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How to ensure employees comply with safety protocols

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Employers are obligated to keep workplaces free of known safety and health hazards. Educating employees about safety risks and how to prevent accidents can help employers fulfill those obligations. However, employees also have to do their part by complying with safety guidelines, including using and wearing the appropriate safety gear.
Personal protective equipment, or PPE, has entered the general lexicon in the wake of the global pandemic, especially as it applied to health care workers serving on the front lines of COVID-19 surges. At the start of the pandemic, PPE was a hot news topic, particularly in regard to shortages at medical centers. However, PPE includes more than the masks, gloves and gowns worn by health care workers. According to the Occupational Safety and Health Administration, PPE refers to any equipment worn to minimize exposure to a variety of hazards. That gear changes depending on the job and work environment.
To ensure the greatest possible protection for workers, OSHA recommends that employees and employers work together to maintain safe and healthy work environments. PPE usage is part of that effort. Employers and employees can take various measures to ensure the safety of all workers and reduce the risk of accidents.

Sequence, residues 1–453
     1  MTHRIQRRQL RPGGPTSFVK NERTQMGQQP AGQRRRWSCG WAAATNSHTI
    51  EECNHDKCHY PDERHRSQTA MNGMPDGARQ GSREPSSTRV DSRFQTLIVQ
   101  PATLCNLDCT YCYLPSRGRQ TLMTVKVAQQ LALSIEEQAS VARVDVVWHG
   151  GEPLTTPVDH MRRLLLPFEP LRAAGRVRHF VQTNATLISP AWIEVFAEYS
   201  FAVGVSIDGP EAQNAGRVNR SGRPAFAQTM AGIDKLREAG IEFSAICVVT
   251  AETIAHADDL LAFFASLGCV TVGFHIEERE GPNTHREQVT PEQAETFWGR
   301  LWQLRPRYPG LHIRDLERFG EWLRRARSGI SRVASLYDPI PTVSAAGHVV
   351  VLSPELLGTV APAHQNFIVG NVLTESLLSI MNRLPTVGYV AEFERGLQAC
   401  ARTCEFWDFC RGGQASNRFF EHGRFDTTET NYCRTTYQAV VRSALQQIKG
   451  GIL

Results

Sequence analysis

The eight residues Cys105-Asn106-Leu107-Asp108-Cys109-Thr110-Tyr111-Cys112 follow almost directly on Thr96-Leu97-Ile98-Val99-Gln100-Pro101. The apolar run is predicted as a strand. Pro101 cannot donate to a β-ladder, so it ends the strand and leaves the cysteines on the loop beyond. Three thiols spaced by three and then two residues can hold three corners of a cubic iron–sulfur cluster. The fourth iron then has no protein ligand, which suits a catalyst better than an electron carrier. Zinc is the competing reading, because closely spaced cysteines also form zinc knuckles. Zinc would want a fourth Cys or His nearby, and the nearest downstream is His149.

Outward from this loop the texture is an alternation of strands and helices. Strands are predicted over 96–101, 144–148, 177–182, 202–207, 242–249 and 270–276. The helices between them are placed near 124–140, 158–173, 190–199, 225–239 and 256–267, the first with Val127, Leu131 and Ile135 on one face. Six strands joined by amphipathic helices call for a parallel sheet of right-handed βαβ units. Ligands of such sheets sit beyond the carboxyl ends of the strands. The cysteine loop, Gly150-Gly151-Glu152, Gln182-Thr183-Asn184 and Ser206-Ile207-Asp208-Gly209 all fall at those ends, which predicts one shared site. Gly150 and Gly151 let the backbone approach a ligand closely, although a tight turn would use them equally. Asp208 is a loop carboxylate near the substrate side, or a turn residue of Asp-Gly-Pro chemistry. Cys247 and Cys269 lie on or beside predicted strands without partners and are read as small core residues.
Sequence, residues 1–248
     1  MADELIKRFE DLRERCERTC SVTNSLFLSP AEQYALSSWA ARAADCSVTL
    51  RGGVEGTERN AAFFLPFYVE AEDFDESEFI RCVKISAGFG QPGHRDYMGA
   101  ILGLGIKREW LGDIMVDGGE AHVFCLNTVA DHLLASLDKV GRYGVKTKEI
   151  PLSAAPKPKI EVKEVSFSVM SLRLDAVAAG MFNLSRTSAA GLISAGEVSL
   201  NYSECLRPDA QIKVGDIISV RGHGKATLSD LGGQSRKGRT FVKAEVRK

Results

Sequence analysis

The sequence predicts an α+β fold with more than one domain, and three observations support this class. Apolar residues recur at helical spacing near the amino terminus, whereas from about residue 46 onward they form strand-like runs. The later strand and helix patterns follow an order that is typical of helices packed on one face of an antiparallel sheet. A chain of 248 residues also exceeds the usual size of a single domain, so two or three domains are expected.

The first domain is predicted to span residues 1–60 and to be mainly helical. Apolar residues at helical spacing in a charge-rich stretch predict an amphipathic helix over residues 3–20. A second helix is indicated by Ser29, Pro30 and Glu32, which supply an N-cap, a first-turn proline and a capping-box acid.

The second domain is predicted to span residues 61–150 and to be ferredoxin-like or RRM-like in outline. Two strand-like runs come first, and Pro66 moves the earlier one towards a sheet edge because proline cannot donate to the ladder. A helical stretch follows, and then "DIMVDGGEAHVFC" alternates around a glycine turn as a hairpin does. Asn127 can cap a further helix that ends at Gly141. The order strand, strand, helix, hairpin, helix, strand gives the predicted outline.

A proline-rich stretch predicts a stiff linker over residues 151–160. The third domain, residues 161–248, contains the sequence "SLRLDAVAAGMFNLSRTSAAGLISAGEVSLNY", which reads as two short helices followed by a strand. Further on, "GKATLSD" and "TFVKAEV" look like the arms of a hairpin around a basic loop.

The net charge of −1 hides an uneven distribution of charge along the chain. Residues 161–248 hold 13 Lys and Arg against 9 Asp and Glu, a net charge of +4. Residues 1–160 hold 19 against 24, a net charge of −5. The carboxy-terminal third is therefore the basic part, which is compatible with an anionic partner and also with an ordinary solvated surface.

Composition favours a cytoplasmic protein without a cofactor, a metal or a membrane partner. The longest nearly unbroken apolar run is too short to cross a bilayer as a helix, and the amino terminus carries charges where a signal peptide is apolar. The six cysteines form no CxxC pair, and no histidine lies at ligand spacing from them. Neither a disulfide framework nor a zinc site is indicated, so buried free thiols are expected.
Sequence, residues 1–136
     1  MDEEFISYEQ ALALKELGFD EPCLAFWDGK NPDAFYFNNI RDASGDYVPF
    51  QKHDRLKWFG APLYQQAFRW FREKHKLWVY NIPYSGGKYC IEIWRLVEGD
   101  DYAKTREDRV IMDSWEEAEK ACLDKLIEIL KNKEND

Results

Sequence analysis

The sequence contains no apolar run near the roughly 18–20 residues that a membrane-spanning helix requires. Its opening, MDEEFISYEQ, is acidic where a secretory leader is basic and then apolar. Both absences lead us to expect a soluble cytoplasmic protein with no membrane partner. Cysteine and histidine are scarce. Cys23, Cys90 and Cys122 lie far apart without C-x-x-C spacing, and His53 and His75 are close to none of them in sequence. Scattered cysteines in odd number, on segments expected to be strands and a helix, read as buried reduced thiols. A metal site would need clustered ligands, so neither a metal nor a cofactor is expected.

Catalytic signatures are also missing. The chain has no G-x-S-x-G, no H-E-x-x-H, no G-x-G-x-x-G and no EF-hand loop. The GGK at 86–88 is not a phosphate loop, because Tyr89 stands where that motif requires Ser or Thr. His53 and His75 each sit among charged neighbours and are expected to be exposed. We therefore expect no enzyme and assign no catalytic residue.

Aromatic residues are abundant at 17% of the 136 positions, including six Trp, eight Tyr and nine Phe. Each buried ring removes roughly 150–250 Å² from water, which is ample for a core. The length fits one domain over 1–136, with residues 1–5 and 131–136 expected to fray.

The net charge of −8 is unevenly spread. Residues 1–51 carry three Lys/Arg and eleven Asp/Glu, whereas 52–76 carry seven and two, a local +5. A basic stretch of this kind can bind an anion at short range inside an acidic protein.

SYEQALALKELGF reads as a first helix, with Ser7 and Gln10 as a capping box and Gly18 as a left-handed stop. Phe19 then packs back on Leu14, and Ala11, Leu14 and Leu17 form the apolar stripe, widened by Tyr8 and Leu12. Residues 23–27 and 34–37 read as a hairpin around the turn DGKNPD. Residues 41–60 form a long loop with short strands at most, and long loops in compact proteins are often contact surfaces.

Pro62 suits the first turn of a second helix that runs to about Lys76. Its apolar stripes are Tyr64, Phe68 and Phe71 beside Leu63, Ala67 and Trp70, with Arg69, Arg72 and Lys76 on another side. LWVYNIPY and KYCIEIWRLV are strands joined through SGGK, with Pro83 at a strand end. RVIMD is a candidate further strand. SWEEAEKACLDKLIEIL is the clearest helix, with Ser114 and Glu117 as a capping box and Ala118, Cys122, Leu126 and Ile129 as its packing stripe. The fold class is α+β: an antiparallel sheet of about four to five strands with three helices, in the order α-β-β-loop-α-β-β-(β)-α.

• Employers can routinely assess workplaces to identify any hazards. This can help to determine if PPE and safety protocols are still meeting the needs of the workforce.
• Supervisors and company owners can lead by example by donning PPE in certain situations. This includes wearing hard hats on construction sites and proper footwear or gloves when making tours or demonstrations.
• Continue to educate employees about the importance of PPE, advises the Society for Human Resource Management. SHRM offers expert advice and thoughtful information on issues that affect today’s evolving workplaces. Training also may be required to meet many OSHA standards. Employees will need to know how to wear PPE properly, including when to wear it, how to store it and how to care for it.
• Enforce disciplinary policies regarding protocol breaches. Effective disciplinary programs are accumulative, advises Occupational Health & Safety magazine. That means a first offense leads to a minor infraction, and repeated offenses become more serious as more violations occur. A fine line must be walked for discipline to be effective, as the goal is to ensure employees are not alienated or made to feel hesitant to report hazards for fear of retaliation.
• Too much PPE does not make it inherently safer. The key is finding a balance for the right amount of PPE. Overprotection can lead to heat stress caused by wearing too many layers.
Safety protocols must be implemented at the workplace. Employers and employees can work together to reduce risk for accidents and injuries.

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